Google's Matt Cutts: Mobile Sites For "Most Part: Only Impact Mobile Search Results

Mar 18, 2014 • 8:59 am | comments (10) by twitter Google+ | Filed Under Google Search Engine Optimization

google mobile iconAt SMX West, Google's Matt Cutts said something very interesting. I tweeted it and Matt Cutts responded but that made it even more interesting.

I took from what Matt said that mobile sites or lack there of, would not just impact Google's mobile search results but may also have some sort of impact on Google's desktop search results. I am not saying Matt said this, he did not. but he did say and then clarified later, that mobile sites "for the most part" only impact mobile search results. But what about the other part? Is there any impact on desktop results?

Here are the tweets:

What does the "most part" mean? Am I looking too deeply into what Matt said here or did not say?

We also know Matt Cutts said that Google's mobile queries may surpass that of their PC/desktop counterparts in 2014. Of course, Google's PR team would not confirm or give us any details on that, but Matt did suggest this may happen in 2014.

So maybe what Matt is saying is that mobile and desktop over 2014 are merging, becoming more and more unified, so over time, the desktop results will match that off the mobile results and thus, a mobile site is a must in the future? Or maybe not.

When you write about SEO all the time and focus so much on how words are written or spoken, you get a bit obsessive over them. Sometimes more than you should?

Forum discussion at Twitter.

Previous story: Dilbert On Search Keyword Research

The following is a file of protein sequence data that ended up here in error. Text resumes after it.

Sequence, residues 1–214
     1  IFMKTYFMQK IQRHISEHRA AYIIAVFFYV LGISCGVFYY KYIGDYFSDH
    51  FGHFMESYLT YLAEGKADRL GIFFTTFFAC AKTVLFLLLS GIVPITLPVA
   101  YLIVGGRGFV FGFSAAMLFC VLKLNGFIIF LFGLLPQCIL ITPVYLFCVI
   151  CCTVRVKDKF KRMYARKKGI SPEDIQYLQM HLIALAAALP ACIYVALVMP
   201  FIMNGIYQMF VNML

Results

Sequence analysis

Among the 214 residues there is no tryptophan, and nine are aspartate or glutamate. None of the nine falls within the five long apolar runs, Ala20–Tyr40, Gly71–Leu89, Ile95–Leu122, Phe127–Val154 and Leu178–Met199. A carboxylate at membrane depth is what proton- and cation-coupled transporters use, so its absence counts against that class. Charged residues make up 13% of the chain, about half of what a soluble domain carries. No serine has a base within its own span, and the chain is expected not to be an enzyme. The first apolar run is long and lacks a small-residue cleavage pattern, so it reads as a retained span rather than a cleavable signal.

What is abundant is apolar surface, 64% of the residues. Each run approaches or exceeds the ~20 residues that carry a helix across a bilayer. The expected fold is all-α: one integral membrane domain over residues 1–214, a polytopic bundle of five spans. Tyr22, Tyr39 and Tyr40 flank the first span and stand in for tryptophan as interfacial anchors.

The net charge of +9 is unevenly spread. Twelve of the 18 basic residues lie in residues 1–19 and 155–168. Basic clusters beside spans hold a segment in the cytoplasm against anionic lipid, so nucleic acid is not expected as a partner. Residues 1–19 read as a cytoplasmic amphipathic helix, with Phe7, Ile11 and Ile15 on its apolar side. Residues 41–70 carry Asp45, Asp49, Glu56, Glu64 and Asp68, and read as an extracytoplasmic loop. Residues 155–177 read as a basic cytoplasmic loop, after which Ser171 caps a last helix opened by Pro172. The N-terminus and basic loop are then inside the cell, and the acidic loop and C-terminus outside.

Chris B

03/18/2014 01:34 pm

Thanks for sharing this. It's tough still not getting answers, but it's good to see this being talked about more since it's so nebulous. Hopefully more discussions will lead to testing, or even clear answers.

Durant Imboden

03/18/2014 01:41 pm

Maybe he was simply being cautious? "For the most part" could easily be a phrase like "As far as I know," "At the present time," "Under normal circumstances," etc.


03/18/2014 02:12 pm

I had an issue where the alternate tag was point to a URL that was a duplicate of the real URL and it caused the wrong URL to be indexed. I had to wait for IT to fix it. Then the canonical on the mobile site was pointing to a 404 page. These kind of things could be examples where the mobile site could hurt the desktop site.

Michael Ramsey

03/18/2014 04:18 pm

This sounds likely to me. Just avoiding being too specific. That being said, there are some examples of how mobile and desktop optimization could have issues that overlap like Rick notes above.

James R. Halloran

03/18/2014 09:14 pm

I agree. What does he mean by "for the most part." Sounds like Matt is using some well known Google trick language to pull the rug out from beneath us again.

Peter Watson

03/19/2014 11:20 am

So why do the 9 sites above me for main term in my niche outrank my site when they are not even mobile friendly (or responsive), and my site is responsive and much faster? #mattcutts

John Britsios

03/19/2014 07:38 pm

Barry I am all the time obsessive over them. Don't give up man! Good stuff.

John Britsios

03/19/2014 07:47 pm

Speed is one of about 600 ranking factors. So you better ask yourself: How many factors do your competitors satisfy, and how many do you? And to clarify: If you have a slow mobile compatible web site or site version like responsive, progressive etc, which means you do not fully satisfy the speed factor, you probably will not rank so well in Google's Mobile Search. If your site is not mobile compatible, or had a mobile version. you most probably will not rank at all.

Peter Watson

03/19/2014 09:01 pm

Good points Jon, but from what I can tell, my speed is much faster than the sites that rank above me. I'm sure there must be other factors at play here and that's fine, but my point is that my competition are not responsive, yet in mobile search they continue to outrank my site for my main terms only (long tail I do very well).


07/16/2014 07:17 pm

I have the same problem Peter. I am in the "A" spot for local keyword search on a desktop, but when searched from a mobile device a site that doesn't even have a mobile site ranks above me. My site is mobile friendly as it has a responsive design. The site that ranks above me has to be enlarged and you have to scroll just to read it. Very frustrating!

blog comments powered by Disqus